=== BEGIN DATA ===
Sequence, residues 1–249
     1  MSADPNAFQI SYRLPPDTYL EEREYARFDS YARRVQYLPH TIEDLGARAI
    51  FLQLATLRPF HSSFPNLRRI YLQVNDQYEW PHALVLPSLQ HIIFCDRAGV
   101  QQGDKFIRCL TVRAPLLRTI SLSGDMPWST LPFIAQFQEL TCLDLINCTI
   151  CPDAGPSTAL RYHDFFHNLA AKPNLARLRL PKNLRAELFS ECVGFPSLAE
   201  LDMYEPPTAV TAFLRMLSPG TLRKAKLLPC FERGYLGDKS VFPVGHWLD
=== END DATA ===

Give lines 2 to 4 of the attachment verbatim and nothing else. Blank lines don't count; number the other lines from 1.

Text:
     1  MSADPNAFQI SYRLPPDTYL EEREYARFDS YARRVQYLPH TIEDLGARAI
    51  FLQLATLRPF HSSFPNLRRI YLQVNDQYEW PHALVLPSLQ HIIFCDRAGV
   101  QQGDKFIRCL TVRAPLLRTI SLSGDMPWST LPFIAQFQEL TCLDLINCTI